In theory, information can be classified as follows: into indicative information of the type ‘A is A’, into imperative information of the type ‘A must be A’, and into optative information of the type ‘A may be A’. The classical ideal of the indicative is truth, that of the imperative is goodness, and that of the optative is beauty.

This theoretical classification cannot, however, be applied in practice […] nevertheless, the distribution apparatuses practise precisely this theoretical classification.


Thus there are channels for supposedly indicative photographs (e.g. scientific publications and reportage magazines), channels  for supposedly imperative photographs (e.g. political and commercial advertising posters) and channels for supposedly artistic photographs (e.g. galleries and art journals).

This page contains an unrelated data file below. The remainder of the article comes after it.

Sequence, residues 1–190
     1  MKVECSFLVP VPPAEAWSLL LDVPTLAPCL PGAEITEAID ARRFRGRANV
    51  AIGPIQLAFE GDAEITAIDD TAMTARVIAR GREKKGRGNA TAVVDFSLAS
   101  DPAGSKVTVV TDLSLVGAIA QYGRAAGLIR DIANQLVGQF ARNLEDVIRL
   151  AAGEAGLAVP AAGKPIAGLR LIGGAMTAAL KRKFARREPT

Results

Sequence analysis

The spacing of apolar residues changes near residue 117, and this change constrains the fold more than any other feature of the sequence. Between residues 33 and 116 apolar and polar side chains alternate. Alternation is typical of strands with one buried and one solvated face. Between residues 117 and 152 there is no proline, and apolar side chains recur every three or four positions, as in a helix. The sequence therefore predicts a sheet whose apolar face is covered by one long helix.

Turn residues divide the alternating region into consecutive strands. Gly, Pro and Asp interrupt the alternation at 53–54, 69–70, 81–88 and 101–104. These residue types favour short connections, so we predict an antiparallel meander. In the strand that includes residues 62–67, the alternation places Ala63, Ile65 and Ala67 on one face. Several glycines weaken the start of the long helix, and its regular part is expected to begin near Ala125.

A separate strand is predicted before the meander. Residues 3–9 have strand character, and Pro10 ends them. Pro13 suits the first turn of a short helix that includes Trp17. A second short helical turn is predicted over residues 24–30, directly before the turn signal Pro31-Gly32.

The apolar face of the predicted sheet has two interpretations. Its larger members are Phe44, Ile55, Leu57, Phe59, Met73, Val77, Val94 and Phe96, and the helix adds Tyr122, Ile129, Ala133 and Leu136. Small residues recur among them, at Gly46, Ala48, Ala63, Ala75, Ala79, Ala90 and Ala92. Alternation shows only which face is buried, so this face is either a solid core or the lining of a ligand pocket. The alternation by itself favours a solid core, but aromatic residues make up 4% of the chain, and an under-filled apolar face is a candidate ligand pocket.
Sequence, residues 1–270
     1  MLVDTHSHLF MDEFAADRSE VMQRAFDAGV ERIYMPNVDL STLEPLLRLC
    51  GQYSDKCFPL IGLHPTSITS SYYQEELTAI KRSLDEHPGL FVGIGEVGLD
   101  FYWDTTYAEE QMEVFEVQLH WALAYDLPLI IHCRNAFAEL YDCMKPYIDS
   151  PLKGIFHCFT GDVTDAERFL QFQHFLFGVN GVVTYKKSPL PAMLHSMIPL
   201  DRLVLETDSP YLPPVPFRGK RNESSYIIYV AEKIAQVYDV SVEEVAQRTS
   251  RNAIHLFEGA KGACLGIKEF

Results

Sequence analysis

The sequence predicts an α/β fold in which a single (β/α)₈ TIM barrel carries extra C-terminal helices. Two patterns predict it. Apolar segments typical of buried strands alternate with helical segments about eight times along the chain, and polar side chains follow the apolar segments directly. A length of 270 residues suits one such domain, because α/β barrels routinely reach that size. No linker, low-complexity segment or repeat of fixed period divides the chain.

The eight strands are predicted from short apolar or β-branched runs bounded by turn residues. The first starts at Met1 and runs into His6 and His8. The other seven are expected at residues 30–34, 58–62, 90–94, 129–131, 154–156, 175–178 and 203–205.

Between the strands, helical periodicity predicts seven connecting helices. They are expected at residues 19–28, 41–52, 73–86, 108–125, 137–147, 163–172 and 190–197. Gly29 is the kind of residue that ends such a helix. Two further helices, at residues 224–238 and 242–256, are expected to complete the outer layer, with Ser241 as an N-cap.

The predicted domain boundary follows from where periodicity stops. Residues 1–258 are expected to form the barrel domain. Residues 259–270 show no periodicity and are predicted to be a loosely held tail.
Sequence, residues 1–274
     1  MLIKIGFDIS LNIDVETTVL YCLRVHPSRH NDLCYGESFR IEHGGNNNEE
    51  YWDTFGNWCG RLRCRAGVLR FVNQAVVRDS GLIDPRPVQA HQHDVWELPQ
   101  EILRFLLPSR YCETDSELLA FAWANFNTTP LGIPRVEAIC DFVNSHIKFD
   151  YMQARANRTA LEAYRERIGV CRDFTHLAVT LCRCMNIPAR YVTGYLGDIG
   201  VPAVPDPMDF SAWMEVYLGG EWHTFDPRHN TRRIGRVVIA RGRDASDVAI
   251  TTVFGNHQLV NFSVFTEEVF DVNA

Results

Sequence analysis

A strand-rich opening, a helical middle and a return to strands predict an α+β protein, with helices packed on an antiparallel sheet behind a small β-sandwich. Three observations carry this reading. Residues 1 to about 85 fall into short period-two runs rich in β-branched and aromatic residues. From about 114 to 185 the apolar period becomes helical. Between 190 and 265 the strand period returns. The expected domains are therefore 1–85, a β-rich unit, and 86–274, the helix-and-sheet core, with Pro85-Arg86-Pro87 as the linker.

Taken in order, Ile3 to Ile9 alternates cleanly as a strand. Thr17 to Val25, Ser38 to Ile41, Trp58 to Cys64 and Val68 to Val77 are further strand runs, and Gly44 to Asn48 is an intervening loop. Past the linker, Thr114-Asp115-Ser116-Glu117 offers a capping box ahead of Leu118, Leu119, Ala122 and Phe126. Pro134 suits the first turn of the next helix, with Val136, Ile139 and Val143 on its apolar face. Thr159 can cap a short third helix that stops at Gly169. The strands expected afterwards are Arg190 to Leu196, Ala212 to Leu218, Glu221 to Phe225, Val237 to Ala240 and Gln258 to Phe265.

Of course, the distribution channels also have borderline areas, in which a particular photograph can slip over from one channel to another. The photograph of the moon landing, for example, can slip from an astronomy journal to a US consulate, from there onto an advertising poster for cigarettes and from there finally into an art exhibition.

The essential thing is that the photograph, with each switch-over to another channel, takes on a new significance: The significance crosses over into the political, the political into the commercial, the commercial into the artistic.

In this respect, the division of photographs into channels is in no way simply a mechanical process but rather an encoding one: The distribution apparatuses impregnate the photograph with the decisive significance for its reception.